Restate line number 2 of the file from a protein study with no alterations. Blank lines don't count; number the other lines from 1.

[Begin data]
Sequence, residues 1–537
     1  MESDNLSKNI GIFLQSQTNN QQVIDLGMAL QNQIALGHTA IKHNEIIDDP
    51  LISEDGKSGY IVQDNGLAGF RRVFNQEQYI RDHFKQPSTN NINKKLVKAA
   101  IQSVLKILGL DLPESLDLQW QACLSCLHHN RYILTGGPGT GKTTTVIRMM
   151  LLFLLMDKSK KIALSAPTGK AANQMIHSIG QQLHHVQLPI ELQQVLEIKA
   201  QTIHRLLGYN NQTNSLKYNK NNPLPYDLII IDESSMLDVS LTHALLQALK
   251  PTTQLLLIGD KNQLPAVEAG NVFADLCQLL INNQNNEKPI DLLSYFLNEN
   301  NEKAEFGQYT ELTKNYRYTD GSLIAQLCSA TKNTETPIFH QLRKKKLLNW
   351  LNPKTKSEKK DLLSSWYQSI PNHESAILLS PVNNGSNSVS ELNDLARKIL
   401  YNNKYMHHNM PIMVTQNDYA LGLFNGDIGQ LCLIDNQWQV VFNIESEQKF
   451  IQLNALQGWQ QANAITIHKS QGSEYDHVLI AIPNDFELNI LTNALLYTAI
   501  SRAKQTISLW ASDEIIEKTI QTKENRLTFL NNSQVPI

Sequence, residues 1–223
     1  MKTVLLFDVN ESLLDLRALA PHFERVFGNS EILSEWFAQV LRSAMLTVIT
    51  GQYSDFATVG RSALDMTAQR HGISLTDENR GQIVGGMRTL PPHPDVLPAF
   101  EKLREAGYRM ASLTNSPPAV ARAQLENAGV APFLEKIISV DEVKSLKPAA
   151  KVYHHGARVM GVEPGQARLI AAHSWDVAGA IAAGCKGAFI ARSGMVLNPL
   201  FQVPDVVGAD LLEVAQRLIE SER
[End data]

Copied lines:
     1  MESDNLSKNI GIFLQSQTNN QQVIDLGMAL QNQIALGHTA IKHNEIIDDP